There are two Irish food industries. The first encompasses the physical production and processing of food on farms and in factories around Ireland. The second is a set of companies and co-ops that have developed global organisations with a wide range of products and distribution assets across the world. While the two ecosystems overlap, they face differing challenges and opportunities that have been brought in to sharp focus by Brexit.
Imagine the physical production of food in Ireland as a single company. It would be comprised of a number of divisions that specialise in processing milk, meat, grains and fresh produce on more than 120,000 farms and in a myriad of production facilities throughout the country. It is a large business, with headline revenues of over €9.5 billion. Over the past five years it has recorded solid growth as a combination of a recovering Irish economy, benign exchange rates and the unshackling of supply limits in the core dairy division have all combined to produce a rise in turnover and cashflow.
This rosy picture, however, has structural weaknesses underneath. It is a fact that food processing in Ireland, whether in the larger factories or on small sites, operates with wafer-thin margins. On top of that there is, in aggregate, a huge dependence on the critical UK market for success. More than 40 per cent of Irish food is exported there.
Brexit has created a mother lode of turbulence and volatility for everyone involved in the Irish food industry. Aside from the byzantine process involved in extracting Britain from the Common Agricultural Policy (Cap), and the related consequences of WTO-driven tariffs and duties, there is an immediate and real danger already unfolding from sterling’s slide against the euro. When you combine a 15 per cent fall in the sterling to euro exchange rate in just four months with an export-dependent sector that lives off low profit margins, the consequences can be ugly.
While that dynamic is unfolding there is another Irish food industry at work. A set of private, co-op and stockmarket-listed Irish agrifood companies have developed significant global businesses over the past decade. There are eight Irish food companies listed on the Dublin and London stock exchanges that have a combined equity value of almost €24 billion. These businesses have spent the past two decades forging international footprints that have diversified their earnings base and built higher-margin activities. This has insulated them to an extent from the Brexit hit.
For a number of Irish co-ops and privately-owned companies their relative dependence on Irish-produced food sold to the UK has made Brexit and sterling a more pressing issue. Many of these have invested heavily in processing facilities in Ireland that are inextricably connected to that activity which is so dependent on the UK marketplace. Their scope to manoeuvre around the political and economic challenges caused by Brexit is more limited than those who have built true global businesses.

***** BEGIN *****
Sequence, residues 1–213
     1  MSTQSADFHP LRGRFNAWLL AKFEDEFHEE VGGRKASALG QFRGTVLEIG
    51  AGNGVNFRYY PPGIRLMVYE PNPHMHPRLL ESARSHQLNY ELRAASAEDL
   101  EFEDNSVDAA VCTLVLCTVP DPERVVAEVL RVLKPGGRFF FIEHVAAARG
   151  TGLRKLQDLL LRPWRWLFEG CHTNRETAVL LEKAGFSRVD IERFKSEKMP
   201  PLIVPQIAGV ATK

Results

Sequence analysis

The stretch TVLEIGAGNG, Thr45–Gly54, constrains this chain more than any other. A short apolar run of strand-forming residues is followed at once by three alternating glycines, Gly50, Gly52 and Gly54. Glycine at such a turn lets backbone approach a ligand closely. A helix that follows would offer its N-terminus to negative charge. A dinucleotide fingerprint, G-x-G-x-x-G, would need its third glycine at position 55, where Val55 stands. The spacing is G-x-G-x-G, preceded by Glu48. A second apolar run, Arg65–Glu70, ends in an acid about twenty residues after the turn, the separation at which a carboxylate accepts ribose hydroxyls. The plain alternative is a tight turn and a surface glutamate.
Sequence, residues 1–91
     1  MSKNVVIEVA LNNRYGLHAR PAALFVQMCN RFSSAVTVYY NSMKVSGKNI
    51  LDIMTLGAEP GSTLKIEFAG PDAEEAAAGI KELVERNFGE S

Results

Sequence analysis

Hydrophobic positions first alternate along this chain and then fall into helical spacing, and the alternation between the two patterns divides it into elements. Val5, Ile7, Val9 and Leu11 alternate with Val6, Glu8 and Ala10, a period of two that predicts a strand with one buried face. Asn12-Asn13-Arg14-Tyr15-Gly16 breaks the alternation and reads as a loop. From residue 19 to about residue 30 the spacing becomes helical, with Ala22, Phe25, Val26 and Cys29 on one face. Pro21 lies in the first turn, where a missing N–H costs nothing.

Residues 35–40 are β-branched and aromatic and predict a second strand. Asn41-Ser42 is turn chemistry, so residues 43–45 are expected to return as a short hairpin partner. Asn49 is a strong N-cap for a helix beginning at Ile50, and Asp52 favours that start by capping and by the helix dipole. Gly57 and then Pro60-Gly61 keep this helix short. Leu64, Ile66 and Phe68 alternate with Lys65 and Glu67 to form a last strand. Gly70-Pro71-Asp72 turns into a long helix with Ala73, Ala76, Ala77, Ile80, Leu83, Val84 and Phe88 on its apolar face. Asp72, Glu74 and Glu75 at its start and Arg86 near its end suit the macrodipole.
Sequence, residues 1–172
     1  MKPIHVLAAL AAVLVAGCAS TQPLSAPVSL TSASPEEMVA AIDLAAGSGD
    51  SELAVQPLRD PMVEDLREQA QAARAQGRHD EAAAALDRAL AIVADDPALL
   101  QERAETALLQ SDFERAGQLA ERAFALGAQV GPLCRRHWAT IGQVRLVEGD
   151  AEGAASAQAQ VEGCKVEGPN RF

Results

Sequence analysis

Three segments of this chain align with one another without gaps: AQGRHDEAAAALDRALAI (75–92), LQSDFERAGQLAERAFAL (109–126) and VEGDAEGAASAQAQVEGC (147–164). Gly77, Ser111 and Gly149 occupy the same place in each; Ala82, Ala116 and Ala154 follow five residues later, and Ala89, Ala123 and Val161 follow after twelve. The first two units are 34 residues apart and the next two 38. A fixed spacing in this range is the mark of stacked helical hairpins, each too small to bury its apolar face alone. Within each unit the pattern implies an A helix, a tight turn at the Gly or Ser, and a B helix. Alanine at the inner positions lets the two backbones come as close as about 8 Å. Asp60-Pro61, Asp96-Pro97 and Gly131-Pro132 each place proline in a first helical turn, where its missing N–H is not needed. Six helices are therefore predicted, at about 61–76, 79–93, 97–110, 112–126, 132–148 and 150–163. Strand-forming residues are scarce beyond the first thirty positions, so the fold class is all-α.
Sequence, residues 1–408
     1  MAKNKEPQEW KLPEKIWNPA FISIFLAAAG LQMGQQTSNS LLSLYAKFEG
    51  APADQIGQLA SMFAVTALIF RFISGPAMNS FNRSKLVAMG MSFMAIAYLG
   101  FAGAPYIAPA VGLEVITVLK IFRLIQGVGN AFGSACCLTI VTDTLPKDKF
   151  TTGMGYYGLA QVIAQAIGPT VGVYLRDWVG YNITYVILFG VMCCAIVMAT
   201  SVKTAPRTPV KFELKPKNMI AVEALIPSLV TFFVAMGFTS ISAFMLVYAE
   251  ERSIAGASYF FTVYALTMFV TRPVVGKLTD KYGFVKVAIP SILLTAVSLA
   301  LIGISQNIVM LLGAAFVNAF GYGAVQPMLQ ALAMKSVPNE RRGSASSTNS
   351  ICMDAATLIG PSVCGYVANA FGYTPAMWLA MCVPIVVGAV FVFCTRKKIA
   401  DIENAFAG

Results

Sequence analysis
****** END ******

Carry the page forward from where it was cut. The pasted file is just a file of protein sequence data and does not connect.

There are profound consequences to be weighed up as Irish politicians and policymakers consider how Brexit will impact Irish food. In the short term, an extended period of weak sterling would push thinly-financed SMEs in particular towards merging or closure. It will pose problems too for the beef sector where narrow processing margins feeds quickly back to badly-financed primary producing farmers. The declining trend in farmer numbers evident for over four decades will be amplified further, I fear, if a period of poor prices is upon us.
At a deeper level, extricating the UK from the Cap seems like a deeply troubling process. The UK has a long record of pursuing a cheap food importing policy, with farmers having a weak political voice. There will be a temptation to pursue supposed cheap imports from former colonial sources including Australia and New Zealand (dairy) and parts of Africa and Latin America (meat). That "vision" will encounter ferocious resistance in Europe, which may lead to a whole new level of tariffs and duties that stifle and obfuscate trade while a new relationship between the UK and Europe is shaped.
Small, open economy
Ireland, by definition, is a small and open economy. Anything that reverses or complicates the largely liberal existing rules around trading of food products, especially within Europe, is a new and significant threat to the wellbeing of the Irish Republic and it must be managed robustly.
Certain economic laws tend to prevail during periods of political unrest such as this. Ireland has an established comparative advantage in producing grass-based milk and meat which provides cost and food efficacy advantages at a global level. However, the farm and processing structures built over that grass system remain fragmented and inefficient. Previous periods of price instability have led to waves of consolidation that led to fewer farmers and processors producing larger volumes of produce. I suspect a similar outcome will occur as the Brexit process unfolds, leading to a leaner and more efficient industry.
Circling back to the two Irish food industries outlined above there are clear responses needed to Brexit by both: (1) the physical production and processing of food on the island of Ireland has to be elevated to a new level through a bout of rationalisation and consolidation that lowers cost and improves efficiency; and (2) co-ops and companies must future-proof their risks to a single geographic market by having international businesses that diversify earnings while improving margins and returns on capital for their owners. These are the optimal routes, notwithstanding the political challenges they pose, that Ireland should now navigate with vigour.
Joe Gill is director of corporate broking with Goodbody Stockbrokers. His views are personal